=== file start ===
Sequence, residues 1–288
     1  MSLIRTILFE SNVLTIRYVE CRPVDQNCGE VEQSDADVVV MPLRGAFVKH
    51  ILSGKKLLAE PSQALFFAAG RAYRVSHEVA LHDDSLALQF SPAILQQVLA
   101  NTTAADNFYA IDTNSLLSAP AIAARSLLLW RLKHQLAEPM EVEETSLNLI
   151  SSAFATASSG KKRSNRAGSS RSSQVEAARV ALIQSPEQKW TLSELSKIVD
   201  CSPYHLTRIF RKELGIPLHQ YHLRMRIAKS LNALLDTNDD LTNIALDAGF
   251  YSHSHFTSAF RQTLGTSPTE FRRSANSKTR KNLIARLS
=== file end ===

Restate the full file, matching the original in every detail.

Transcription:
Sequence, residues 1–288
     1  MSLIRTILFE SNVLTIRYVE CRPVDQNCGE VEQSDADVVV MPLRGAFVKH
    51  ILSGKKLLAE PSQALFFAAG RAYRVSHEVA LHDDSLALQF SPAILQQVLA
   101  NTTAADNFYA IDTNSLLSAP AIAARSLLLW RLKHQLAEPM EVEETSLNLI
   151  SSAFATASSG KKRSNRAGSS RSSQVEAARV ALIQSPEQKW TLSELSKIVD
   201  CSPYHLTRIF RKELGIPLHQ YHLRMRIAKS LNALLDTNDD LTNIALDAGF
   251  YSHSHFTSAF RQTLGTSPTE FRRSANSKTR KNLIARLS